Editorial, August 2010
A constant theological problem, at least since the time of Augustine, is the question of the salvation of infants who die without baptism. Many solutions to the problem have been proposed, such as: they are in hell but not seriously punished (Augustine), they are in “limbo,” which is a state of natural happiness but no vision of God, or they go to heaven because of the prayers of the Church or the faith of their parents.
The most common answer to this problem since the time of St. Thomas Aquinas is that they go to Limbo, where they will be happy forever but do not enjoy the face-to-face vision of God. The existence of Limbo has been taught in Catholic schools for centuries and it has been included in many approved catechisms. Since the middle of the twentieth century, however, many doubts have been raised about the existence of Limbo. One result is that, in recent years, it is rarely mentioned.
The question about the eternal destiny of infants who die without baptism is a serious one, especially today, when there are tens of millions of abortion performed each year.
Any answer to this question that offers hope of salvation for these infants must be in accord with certain truths of the faith that are undisputed. They are: 1) the universality of original sin; 2) the absolute necessity of baptism (water, or blood, or desire); 3) no one can enter eternal life with sin on his soul—either original sin or personal mortal sin. So the question is: If these unbaptized infants attain eternal salvation without baptism, how can that be since baptism is absolutely necessary as a necessity of means? How are they cleansed of original sin? Is there some other way of salvation that has not been revealed to us by Jesus and the Holy Spirit?
In current theological thinking there is much hope for the salvation of these unbaptized infants; new reasons have been adduced to add to this hope. In this regard it is essential to note that the Church has never made an official pronouncement either for or against Limbo. Some papal documents have mentioned it, but only because Catholic theologians who defended Limbo were accused of Pelagian heresy by some Jansenists. Pope Pius VI rejected that charge and defended the right of Catholics to hold their opinion about Limbo.
Pope John Paul II suggested to the International Theological Commission that they study this question. They did and published a long document on it on January 19, 2007: “The Hope of Salvation for Infants Who Die without Being Baptized.” It was approved for publication by Benedict XVI, who said that it was a stimulus for further theological thinking and research.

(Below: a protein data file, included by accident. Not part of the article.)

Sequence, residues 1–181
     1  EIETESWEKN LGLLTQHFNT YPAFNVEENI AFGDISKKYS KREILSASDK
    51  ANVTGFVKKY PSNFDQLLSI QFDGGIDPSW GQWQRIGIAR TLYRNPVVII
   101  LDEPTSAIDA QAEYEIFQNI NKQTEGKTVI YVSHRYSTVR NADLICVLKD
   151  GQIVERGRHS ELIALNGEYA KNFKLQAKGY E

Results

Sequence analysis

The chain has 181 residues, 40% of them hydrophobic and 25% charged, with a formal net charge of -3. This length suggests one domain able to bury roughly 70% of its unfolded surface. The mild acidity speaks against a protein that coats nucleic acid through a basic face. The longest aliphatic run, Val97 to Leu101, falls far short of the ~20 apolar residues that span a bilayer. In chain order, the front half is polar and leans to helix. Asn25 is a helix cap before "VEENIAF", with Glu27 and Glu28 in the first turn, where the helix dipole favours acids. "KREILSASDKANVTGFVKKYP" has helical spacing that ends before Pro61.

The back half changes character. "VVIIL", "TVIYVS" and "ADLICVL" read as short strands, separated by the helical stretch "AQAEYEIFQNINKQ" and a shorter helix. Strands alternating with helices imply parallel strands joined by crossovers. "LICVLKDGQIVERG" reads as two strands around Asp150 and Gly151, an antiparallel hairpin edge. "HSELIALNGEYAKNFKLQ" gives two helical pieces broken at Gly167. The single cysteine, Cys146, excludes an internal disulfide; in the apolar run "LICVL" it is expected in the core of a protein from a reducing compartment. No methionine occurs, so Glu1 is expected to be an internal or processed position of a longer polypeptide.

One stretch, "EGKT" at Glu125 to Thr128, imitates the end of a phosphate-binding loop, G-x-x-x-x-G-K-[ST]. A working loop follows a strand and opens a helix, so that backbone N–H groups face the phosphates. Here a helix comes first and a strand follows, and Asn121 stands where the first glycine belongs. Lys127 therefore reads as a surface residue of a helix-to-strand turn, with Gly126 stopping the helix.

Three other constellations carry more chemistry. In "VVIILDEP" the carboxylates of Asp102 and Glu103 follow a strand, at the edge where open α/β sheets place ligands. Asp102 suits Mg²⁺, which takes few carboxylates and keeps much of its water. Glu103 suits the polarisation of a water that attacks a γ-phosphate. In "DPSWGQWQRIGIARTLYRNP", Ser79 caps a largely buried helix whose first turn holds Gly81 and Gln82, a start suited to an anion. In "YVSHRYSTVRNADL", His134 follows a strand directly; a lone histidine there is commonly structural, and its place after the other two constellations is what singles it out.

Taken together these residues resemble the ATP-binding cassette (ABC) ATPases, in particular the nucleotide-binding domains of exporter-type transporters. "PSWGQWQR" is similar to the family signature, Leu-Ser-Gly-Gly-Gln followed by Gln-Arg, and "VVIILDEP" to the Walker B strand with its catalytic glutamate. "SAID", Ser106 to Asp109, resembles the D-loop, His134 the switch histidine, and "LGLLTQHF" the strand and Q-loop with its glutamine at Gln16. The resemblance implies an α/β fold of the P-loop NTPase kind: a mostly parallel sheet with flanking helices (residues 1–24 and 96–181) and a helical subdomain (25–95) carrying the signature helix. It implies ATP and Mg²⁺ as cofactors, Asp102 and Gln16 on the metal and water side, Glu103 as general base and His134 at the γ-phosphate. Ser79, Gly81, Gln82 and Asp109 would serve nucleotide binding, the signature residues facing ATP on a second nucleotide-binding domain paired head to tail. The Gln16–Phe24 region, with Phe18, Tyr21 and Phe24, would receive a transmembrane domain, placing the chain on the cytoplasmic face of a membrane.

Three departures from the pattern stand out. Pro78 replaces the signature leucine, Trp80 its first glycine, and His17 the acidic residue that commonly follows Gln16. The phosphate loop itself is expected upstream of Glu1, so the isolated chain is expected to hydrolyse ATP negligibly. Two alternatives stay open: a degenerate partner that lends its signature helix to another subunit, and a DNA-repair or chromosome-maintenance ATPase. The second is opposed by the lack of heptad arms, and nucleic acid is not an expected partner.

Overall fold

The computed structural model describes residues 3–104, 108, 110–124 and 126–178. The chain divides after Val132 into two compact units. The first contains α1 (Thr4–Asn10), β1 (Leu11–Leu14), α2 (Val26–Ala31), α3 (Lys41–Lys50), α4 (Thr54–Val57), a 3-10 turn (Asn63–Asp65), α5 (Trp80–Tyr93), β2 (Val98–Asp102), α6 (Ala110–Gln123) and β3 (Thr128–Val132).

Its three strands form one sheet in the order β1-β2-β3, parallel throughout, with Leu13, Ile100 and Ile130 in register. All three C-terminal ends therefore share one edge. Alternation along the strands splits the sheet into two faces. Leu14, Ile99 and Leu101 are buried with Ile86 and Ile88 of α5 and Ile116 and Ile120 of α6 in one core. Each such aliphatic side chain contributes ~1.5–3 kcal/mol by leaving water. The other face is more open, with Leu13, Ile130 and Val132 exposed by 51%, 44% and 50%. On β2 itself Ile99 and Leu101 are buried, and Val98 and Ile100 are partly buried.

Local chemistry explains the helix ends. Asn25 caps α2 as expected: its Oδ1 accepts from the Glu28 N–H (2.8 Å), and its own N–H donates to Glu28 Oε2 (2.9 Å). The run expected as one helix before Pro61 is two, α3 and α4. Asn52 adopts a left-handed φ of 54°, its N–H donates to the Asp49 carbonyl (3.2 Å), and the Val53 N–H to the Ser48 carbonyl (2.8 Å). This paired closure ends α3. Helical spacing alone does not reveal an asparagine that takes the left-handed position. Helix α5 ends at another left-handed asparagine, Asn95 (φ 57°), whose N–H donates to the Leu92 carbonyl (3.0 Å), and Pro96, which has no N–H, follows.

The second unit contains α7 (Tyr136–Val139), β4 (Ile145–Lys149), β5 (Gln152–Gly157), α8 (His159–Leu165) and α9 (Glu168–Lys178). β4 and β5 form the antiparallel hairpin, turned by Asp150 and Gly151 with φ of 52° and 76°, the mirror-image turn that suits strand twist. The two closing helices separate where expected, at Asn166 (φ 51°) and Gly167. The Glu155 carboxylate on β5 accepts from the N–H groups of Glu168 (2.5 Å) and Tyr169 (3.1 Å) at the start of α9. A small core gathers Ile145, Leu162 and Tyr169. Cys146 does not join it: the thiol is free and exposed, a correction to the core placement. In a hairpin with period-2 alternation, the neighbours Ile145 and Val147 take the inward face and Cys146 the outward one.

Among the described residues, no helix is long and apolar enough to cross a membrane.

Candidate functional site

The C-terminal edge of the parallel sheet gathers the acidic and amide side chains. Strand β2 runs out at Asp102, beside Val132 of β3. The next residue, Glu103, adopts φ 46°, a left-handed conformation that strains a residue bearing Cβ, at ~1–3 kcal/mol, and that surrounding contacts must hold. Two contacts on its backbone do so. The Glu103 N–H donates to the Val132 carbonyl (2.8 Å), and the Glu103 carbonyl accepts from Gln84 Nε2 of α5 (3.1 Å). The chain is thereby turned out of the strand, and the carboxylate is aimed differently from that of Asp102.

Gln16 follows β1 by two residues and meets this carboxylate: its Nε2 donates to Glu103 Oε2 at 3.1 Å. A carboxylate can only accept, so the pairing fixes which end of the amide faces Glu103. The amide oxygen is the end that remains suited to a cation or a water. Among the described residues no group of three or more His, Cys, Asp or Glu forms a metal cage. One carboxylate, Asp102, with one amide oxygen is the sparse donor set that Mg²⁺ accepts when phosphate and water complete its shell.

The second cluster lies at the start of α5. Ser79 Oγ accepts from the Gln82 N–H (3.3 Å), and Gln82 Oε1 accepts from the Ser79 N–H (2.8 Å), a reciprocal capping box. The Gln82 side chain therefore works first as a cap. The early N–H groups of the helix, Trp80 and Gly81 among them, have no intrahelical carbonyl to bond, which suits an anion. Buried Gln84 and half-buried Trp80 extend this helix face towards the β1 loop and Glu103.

The document expresses the “hope” that the infants attain salvation, but there is no certitude. What are the reasons for that hope? They offer the following reasons for hope: 1) the universal salvific will of God (1 Tim. 2:4); 2) the infinite mercy of God (now included in the liturgy for Mercy Sunday); 3) the Catechism of the Catholic Church recommends them to the mercy of God and expresses “hope that there is a way of salvation for children who have died without baptism” (1261); 4) the absolute gratuity of salvation and God’s actions are not limited by the sacraments; 5) the mysterious connection of Christ and his Church with every human being.
The document considers #5 very important as a way of salvation for the infants who somehow bypass baptism. This is a very weak point and one that needs more study. The document concludes by expressing the “hope” for the salvation of such infants, but they are not certain about this.
It is praiseworthy to hope for the salvation of these infants, but there are serious doctrinal obstacles. The existence of Limbo has been affirmed and taught in the Church, without censure, for more than seven hundred years. The reasons given for the salvation of these infants are not totally convincing.
There is a danger here also for pastoral practice. The theory of the “anonymous Christian” proposed fifty years ago had a negative influence on Catholic missionary activity. The hope-theory of extra-sacramental salvation for these infants could easily lead to a loss of urgency to baptize newborn babies as soon as possible, if Catholics think it is not necessary for their eternal salvation. The only certain way of salvation for infants is baptism. The hope-theory is mere theological speculation.